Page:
It is dark when I wake up, and Harry and I spend our winter mornings together on the rug of the lounge room floor in the gentle quiet of the predawn. I draw the curtains to let the day in but outside, the stars are still bright. Harry wiggles and squeals. "Dad dad dad dad dad," he says. I kiss his impossibly soft cheeks. "Say Mummy!" I tell him. "Dad dad dad." The door is closed to keep the heat from escaping. Through it I can just hear the soft click that means the kettle has boiled and I ease my way off the floor, feeling ancient, and shuffle into the kitchen to make tea. "DAD DAD DAD DAD" Harry yells cheerfully at my retreating form.

I love these early mornings and guard them jealously. Sometimes on a weekend, Mr B will offer to get up with Harry to give me some more sleep. It is tempting. I am sorely tired, and I haven't had a true, decent night's sleep in more than two years. Not one night. But these mornings are worth even more than sleep. So I drag my body out of bed and hold Harry's chubby little hot-water-bottle-body close as we climb down the stairs. Flip the kettle on. Ease Harry onto his mat on the floor. Tickle his ribs. "Dad dad dad dad." "Say Mummy!" And so another day begins.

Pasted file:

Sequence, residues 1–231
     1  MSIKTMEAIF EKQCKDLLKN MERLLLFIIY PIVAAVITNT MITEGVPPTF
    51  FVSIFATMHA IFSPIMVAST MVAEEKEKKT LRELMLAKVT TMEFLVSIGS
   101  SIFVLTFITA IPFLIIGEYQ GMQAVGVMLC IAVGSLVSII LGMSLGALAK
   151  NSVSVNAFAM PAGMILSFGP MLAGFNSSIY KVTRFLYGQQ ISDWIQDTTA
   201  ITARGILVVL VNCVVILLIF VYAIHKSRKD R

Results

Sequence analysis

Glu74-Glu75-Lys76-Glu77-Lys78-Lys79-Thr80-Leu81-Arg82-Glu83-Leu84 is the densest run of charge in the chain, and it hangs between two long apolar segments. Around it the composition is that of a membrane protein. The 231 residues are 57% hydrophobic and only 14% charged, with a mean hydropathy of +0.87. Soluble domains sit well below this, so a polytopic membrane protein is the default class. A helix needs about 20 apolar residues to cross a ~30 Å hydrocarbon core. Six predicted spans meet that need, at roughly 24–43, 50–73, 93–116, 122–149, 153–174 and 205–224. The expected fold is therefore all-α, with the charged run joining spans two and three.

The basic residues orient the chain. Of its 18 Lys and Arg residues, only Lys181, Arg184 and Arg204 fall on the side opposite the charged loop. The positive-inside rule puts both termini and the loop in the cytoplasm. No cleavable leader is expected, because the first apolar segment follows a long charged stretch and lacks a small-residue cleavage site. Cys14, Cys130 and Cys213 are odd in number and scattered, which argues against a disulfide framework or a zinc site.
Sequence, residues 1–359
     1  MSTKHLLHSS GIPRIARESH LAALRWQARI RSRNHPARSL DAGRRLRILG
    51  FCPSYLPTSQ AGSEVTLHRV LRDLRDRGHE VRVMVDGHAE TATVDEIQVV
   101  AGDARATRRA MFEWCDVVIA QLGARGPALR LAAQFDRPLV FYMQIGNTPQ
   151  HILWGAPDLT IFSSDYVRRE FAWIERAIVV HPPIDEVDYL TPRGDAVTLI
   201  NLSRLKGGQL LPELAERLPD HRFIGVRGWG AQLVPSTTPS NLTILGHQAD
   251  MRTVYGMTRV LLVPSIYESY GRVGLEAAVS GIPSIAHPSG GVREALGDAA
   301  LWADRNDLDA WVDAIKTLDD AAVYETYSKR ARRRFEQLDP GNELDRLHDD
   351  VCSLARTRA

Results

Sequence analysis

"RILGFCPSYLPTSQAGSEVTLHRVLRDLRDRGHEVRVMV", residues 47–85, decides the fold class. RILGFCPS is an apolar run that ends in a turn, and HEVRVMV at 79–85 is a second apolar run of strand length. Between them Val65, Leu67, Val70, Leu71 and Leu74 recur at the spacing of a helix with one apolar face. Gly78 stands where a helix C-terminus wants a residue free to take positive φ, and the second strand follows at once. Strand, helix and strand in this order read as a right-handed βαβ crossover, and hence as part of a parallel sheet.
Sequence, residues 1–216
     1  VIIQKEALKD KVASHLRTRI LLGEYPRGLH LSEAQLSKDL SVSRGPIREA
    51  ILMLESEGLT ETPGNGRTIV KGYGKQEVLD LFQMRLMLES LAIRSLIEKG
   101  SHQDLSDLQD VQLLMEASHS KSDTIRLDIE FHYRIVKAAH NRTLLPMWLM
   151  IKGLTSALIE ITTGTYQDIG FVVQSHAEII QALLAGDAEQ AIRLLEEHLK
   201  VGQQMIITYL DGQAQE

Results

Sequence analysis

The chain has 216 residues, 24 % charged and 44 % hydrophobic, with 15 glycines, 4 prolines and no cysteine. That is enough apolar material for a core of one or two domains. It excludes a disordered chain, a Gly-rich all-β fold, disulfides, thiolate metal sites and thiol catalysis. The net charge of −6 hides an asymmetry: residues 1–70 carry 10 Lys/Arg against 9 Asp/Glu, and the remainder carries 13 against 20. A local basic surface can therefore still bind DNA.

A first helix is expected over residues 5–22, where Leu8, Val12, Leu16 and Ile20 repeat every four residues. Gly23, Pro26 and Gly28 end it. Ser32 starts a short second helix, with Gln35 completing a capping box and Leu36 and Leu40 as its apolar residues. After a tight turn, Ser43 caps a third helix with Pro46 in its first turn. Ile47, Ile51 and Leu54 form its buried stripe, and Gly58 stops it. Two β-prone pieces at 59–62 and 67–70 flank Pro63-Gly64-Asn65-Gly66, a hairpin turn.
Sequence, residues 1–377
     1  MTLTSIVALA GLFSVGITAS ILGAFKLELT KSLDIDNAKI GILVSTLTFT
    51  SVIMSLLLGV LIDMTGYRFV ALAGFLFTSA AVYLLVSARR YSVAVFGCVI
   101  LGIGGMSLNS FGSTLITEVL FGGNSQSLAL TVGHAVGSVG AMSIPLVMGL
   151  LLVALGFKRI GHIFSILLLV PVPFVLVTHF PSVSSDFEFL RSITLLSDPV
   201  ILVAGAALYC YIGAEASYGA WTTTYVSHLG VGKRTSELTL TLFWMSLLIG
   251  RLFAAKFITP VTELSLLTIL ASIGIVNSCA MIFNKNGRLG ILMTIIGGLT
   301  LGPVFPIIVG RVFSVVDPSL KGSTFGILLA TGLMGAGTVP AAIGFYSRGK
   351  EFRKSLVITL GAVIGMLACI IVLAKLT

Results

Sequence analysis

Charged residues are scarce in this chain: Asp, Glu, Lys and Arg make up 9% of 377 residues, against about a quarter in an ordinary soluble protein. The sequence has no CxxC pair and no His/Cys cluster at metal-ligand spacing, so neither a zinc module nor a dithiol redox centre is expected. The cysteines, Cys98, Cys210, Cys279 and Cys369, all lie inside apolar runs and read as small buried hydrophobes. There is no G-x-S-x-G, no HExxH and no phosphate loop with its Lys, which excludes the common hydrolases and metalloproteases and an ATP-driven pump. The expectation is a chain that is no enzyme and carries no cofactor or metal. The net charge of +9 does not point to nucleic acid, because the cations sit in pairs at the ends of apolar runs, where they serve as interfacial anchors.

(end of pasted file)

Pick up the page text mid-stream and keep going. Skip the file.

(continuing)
It is so rare that I am still, in life, ever. Still of body or of mind. I multitask obsessively. I can't even relax doing one thing: I'll draw or craft or write while watching TV. I've never been good at meditating, I'm one of those people guilty of composing shopping lists and having imaginary conversations with people at work while supposedly entering a guided meditatively-zen state at the end of a yoga class.

But these winter mornings teach me to be present in a way that meditation never has. I sit on the floor and smile at Harry. There are books and magazines and my phone and my computer nearby and they call to me, but I have learned that the best mornings happen when I leave all those distractions closed. It's just me and Harry and that cup of tea.

I know I'm not the only one finding the pace of life almost insane these days. It's such a cliche to talk about the progress of time but have you realised that this year is already more than half over? Wasn't it just New Years? Just last month? Life tilts in a dizzying chaos, and any tasks I put off can languish neglected for months that feel like mere days. It's as though the rush and roar of our planet and its moon hurtling around the sun can actually be heard and felt, and in the cacophony of that cosmic journey we all have to yell and scream and jump up and down just to be heard. Even to hear ourselves.